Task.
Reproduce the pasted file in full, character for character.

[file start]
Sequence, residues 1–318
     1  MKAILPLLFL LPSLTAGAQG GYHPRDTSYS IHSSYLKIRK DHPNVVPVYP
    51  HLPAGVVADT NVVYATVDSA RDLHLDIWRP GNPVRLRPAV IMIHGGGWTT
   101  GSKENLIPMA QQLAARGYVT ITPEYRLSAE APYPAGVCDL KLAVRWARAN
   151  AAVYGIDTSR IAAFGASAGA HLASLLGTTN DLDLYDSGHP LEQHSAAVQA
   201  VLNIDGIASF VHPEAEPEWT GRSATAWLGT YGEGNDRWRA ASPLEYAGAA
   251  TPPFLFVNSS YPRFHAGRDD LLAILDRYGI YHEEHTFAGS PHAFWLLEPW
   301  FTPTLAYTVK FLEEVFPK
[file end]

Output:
Sequence, residues 1–318
     1  MKAILPLLFL LPSLTAGAQG GYHPRDTSYS IHSSYLKIRK DHPNVVPVYP
    51  HLPAGVVADT NVVYATVDSA RDLHLDIWRP GNPVRLRPAV IMIHGGGWTT
   101  GSKENLIPMA QQLAARGYVT ITPEYRLSAE APYPAGVCDL KLAVRWARAN
   151  AAVYGIDTSR IAAFGASAGA HLASLLGTTN DLDLYDSGHP LEQHSAAVQA
   201  VLNIDGIASF VHPEAEPEWT GRSATAWLGT YGEGNDRWRA ASPLEYAGAA
   251  TPPFLFVNSS YPRFHAGRDD LLAILDRYGI YHEEHTFAGS PHAFWLLEPW
   301  FTPTLAYTVK FLEEVFPK